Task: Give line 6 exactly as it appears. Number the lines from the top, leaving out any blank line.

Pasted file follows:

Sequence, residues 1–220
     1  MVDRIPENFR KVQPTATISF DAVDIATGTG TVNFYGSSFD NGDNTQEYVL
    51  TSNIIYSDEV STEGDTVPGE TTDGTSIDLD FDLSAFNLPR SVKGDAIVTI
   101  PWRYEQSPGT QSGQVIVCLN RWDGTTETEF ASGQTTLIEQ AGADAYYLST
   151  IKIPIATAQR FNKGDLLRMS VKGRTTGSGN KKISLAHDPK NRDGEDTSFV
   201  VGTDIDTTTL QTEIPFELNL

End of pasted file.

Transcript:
   201  VGTDIDTTTL QTEIPFELNL